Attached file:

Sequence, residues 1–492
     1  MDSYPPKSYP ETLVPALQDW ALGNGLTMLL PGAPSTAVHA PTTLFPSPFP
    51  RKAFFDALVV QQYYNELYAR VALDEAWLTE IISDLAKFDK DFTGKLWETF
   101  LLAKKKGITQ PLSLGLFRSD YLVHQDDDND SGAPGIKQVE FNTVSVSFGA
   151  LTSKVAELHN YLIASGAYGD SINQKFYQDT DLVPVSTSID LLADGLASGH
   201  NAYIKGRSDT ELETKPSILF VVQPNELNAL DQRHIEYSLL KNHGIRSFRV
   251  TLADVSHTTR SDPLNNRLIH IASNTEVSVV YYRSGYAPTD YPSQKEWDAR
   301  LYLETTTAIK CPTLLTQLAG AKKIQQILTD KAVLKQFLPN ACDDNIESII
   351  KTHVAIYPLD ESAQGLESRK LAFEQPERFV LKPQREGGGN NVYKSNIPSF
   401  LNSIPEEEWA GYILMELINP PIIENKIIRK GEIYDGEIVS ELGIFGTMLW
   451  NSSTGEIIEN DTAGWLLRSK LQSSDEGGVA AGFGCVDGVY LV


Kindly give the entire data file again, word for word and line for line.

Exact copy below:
Sequence, residues 1–492
     1  MDSYPPKSYP ETLVPALQDW ALGNGLTMLL PGAPSTAVHA PTTLFPSPFP
    51  RKAFFDALVV QQYYNELYAR VALDEAWLTE IISDLAKFDK DFTGKLWETF
   101  LLAKKKGITQ PLSLGLFRSD YLVHQDDDND SGAPGIKQVE FNTVSVSFGA
   151  LTSKVAELHN YLIASGAYGD SINQKFYQDT DLVPVSTSID LLADGLASGH
   201  NAYIKGRSDT ELETKPSILF VVQPNELNAL DQRHIEYSLL KNHGIRSFRV
   251  TLADVSHTTR SDPLNNRLIH IASNTEVSVV YYRSGYAPTD YPSQKEWDAR
   301  LYLETTTAIK CPTLLTQLAG AKKIQQILTD KAVLKQFLPN ACDDNIESII
   351  KTHVAIYPLD ESAQGLESRK LAFEQPERFV LKPQREGGGN NVYKSNIPSF
   401  LNSIPEEEWA GYILMELINP PIIENKIIRK GEIYDGEIVS ELGIFGTMLW
   451  NSSTGEIIEN DTAGWLLRSK LQSSDEGGVA AGFGCVDGVY LV